On the ground floor of Hamilton Smith Hall, a tiny black sticker with yellow lettering that reads “still without contracts” can be seen on the bottom left corner of Lawrence Beemer’s office window, along with many other office doors that line the hall.
Beemer, an English lecturer, is one of 193 lecturers the University of New Hampshire (UNH) employs; together, they have been without negotiations for new contracts since June 30, 2017, or, 830 days as of publication.
The lecturers teach around 51 percent of the credit hours that the university offers and in 2014, they established UNH Lecturers United-AAUP (UNHLU-AAUP) due to poor working conditions and a wide-spread low salary, which at first, through the union, led to many gains in their contracts, according to senior English lecturer Molly Campbell, UNHLU-AAUP’s spokesperson.
“Fortunately, contracts are negotiated on a regular schedule with the university,” Campbell said. “Our contract expired on June 30, 2017, and we have been trying to settle a contract ever since. This means that we still have that first contract [from 2014] with no changes or improvements. It also freezes salaries, so no lecturers have received any cost of living raises since the contract expired.”
According to Campbell, the main goal for the contract negotiations are to improve job security and keep their salaries up-to-date with the cost of living, which according to Zillow.com, the average home index in Durham, NH is $377,600, rising 3.2 percent in the past year, on par with the 1 to 3 percent increase in salary that the union is looking for.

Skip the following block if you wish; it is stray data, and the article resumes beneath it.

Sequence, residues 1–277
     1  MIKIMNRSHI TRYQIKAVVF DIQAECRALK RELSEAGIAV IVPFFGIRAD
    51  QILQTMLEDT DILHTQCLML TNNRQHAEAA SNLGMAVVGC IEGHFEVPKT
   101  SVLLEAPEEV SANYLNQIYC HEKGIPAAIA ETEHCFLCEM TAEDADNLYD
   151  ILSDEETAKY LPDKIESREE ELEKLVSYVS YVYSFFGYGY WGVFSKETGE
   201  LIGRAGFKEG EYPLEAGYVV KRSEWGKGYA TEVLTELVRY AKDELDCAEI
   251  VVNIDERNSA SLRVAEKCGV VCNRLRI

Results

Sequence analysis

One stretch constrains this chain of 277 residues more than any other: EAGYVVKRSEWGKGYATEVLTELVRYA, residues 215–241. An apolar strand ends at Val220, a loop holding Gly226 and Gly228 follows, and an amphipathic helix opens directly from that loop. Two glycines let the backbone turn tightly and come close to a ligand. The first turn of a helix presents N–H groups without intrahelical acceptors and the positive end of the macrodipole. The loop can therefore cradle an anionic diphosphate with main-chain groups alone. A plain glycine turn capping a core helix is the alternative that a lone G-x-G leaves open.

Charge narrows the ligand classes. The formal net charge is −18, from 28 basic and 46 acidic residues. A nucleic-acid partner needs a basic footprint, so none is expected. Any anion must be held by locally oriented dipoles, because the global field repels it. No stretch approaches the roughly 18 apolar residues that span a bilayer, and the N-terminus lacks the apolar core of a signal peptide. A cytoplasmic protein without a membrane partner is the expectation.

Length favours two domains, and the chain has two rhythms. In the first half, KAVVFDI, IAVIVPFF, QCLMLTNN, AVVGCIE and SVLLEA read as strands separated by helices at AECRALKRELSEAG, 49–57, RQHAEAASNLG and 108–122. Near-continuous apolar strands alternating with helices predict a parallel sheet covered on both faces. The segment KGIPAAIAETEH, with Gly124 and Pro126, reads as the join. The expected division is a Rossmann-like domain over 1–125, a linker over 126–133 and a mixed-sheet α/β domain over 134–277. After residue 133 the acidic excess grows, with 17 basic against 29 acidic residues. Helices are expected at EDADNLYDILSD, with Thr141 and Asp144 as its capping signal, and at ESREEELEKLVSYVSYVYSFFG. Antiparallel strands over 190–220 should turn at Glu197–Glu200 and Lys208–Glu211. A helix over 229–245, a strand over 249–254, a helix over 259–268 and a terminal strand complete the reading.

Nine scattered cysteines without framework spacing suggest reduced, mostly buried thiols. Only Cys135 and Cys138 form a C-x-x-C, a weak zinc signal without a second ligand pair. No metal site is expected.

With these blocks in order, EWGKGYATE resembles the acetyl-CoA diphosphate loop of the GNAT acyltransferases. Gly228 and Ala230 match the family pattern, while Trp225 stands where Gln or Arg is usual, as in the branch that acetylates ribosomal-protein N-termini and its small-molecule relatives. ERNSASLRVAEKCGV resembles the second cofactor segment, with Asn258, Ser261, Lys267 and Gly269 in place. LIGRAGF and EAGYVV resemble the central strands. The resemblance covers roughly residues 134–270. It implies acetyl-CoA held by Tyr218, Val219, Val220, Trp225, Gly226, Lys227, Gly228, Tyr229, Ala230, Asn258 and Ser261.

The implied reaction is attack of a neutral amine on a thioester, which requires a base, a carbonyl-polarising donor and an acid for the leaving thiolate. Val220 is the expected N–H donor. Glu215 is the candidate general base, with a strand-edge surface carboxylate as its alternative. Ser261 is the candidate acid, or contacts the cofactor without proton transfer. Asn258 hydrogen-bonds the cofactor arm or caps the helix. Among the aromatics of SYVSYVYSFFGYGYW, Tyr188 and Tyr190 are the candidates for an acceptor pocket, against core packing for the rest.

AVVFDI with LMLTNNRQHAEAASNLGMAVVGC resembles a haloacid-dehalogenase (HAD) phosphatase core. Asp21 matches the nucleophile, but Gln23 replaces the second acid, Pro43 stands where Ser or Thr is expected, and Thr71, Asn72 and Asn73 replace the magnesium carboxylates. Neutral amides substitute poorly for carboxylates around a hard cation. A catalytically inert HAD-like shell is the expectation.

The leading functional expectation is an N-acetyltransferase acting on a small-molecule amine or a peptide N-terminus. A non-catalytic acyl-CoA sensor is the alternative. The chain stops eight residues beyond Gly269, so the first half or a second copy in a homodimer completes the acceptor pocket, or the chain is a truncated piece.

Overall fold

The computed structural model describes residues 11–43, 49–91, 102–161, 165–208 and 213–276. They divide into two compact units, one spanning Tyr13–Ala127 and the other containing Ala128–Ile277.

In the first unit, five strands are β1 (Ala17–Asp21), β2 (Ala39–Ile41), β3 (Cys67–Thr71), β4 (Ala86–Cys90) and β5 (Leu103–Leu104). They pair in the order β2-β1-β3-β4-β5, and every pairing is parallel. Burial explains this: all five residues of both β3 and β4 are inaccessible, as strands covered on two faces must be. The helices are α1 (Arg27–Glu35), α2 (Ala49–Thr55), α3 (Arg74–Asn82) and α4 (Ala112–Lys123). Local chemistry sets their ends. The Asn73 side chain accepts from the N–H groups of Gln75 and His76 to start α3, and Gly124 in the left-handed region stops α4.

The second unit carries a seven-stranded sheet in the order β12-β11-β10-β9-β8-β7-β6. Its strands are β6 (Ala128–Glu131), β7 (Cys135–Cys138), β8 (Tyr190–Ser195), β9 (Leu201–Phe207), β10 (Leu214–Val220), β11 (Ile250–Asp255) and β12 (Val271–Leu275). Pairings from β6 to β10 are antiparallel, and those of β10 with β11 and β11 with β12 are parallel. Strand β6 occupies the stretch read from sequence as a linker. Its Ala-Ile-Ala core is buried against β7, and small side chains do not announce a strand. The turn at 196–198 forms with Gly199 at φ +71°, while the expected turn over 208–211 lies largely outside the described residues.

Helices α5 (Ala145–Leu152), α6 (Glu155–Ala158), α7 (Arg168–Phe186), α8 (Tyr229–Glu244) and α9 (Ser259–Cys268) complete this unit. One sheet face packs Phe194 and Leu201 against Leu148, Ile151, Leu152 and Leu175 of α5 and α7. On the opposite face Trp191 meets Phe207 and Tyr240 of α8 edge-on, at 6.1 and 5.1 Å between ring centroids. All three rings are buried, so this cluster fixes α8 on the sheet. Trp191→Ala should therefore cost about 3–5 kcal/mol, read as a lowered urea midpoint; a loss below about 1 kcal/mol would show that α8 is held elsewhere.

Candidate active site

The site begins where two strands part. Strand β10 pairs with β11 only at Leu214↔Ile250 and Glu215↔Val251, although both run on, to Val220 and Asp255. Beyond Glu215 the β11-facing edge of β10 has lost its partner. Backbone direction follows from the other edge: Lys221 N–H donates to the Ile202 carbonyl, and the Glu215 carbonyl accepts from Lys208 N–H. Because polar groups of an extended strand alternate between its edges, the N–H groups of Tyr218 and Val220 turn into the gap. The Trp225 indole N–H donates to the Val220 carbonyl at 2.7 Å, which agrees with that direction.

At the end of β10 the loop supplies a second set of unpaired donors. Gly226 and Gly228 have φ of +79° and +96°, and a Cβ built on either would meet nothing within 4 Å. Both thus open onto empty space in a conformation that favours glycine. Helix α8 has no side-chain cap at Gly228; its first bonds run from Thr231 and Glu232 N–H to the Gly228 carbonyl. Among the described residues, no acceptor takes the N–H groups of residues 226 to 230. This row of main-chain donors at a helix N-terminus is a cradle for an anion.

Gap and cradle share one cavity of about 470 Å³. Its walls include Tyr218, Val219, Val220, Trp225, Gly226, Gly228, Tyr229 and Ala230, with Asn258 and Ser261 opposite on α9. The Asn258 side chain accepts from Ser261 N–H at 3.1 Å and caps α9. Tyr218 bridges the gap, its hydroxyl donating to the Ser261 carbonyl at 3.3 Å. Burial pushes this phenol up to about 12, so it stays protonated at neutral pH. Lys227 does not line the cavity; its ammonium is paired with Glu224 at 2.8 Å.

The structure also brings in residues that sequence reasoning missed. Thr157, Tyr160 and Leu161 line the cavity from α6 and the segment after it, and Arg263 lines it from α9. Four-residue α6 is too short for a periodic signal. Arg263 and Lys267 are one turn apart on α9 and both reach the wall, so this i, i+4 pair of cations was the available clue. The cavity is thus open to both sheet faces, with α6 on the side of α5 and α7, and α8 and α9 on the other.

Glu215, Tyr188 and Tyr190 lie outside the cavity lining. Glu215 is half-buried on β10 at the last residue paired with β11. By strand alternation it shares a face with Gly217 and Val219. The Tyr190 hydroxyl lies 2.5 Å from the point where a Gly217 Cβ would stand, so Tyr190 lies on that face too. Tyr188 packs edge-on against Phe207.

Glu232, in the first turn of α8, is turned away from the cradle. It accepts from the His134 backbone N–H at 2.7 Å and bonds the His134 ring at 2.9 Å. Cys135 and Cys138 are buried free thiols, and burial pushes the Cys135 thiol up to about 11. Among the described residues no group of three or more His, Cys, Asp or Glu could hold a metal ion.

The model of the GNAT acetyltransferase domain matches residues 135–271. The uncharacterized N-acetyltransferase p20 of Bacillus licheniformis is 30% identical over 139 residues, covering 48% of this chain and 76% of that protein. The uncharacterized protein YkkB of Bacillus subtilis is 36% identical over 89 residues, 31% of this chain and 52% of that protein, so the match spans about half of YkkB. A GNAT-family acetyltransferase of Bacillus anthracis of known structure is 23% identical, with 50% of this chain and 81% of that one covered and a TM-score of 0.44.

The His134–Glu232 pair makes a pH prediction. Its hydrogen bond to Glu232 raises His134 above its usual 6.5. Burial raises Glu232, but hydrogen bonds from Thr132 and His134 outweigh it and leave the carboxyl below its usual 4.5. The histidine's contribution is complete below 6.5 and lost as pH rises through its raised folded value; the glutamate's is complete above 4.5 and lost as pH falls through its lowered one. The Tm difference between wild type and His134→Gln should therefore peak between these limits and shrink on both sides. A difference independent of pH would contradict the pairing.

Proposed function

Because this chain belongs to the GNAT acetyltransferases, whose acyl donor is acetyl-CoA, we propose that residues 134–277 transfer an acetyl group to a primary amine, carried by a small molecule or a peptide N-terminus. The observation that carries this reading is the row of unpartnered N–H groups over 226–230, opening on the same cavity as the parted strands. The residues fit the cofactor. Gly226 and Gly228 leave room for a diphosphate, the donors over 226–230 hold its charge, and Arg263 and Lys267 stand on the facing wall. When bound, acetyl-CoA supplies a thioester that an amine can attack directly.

“Currently, lecturers’ pay is higher than the national average for the rank at public intuitions and approximately 8 percent higher than the mean of the comparator schools the union and the university agreed to look for benchmarking purposes,” UNH Spokesperson Erika Mantz said, adding that it’s important to remember that the lecturers are not without a contract, just without a new, updated contract from the one that ended in June 2017.
Job security is one of UNHLU-AAUP’s main tasks because in the past, according to Campbell, 17 lecturers were non-renewed for the 2018-2019 school year, leaving them no time, or a heads-up to look for a new job for the upcoming academic year.
But for 2019-2020, 17 new lecturers were hired across all of UNH’s academic colleges. One of the lowest salaries for a lecturer is in the $47,000 range, with the highest salary being in the $100,000 range, according to the public salary document released by the University System of New Hampshire (USNH).
“Lecturers generally have a heavier course load, while tenure-track faculty teach fewer classes, but have research as a part of their defined role at UNH,” Campbell said. “Lecturers are evaluated on their teaching and many have training, degrees or certifications that specialize in teaching. Lecturers do not have tenure and they work on contracts that must be renewed at varying intervals.”
But recent strides in the past week have been made for the push of negotiating the contract by President Dean, who is not involved in the process, but is interested in helping the efforts and met with the UNHLU-AAUP on Monday to discuss the issue.
“Our negotiating teams have met several times and are continuing to make progress,” Dean told The New Hampshire earlier this week. “I am confident that the efforts of our negotiating teams will lead to a mutually acceptable agreement.”
Of Monday’s meeting with President Dean, Campbell said that Dean “sees lecturers as central to the mission of the university,” adding that she is “hopeful that he can convey this to his team and that we can settle a fair contract soon.”
Though some students may not be aware that their lectures have experienced salary freezes in the past year, Campbell reminds students that even without a new, negotiated contract, “students remain the central focus of our careers.”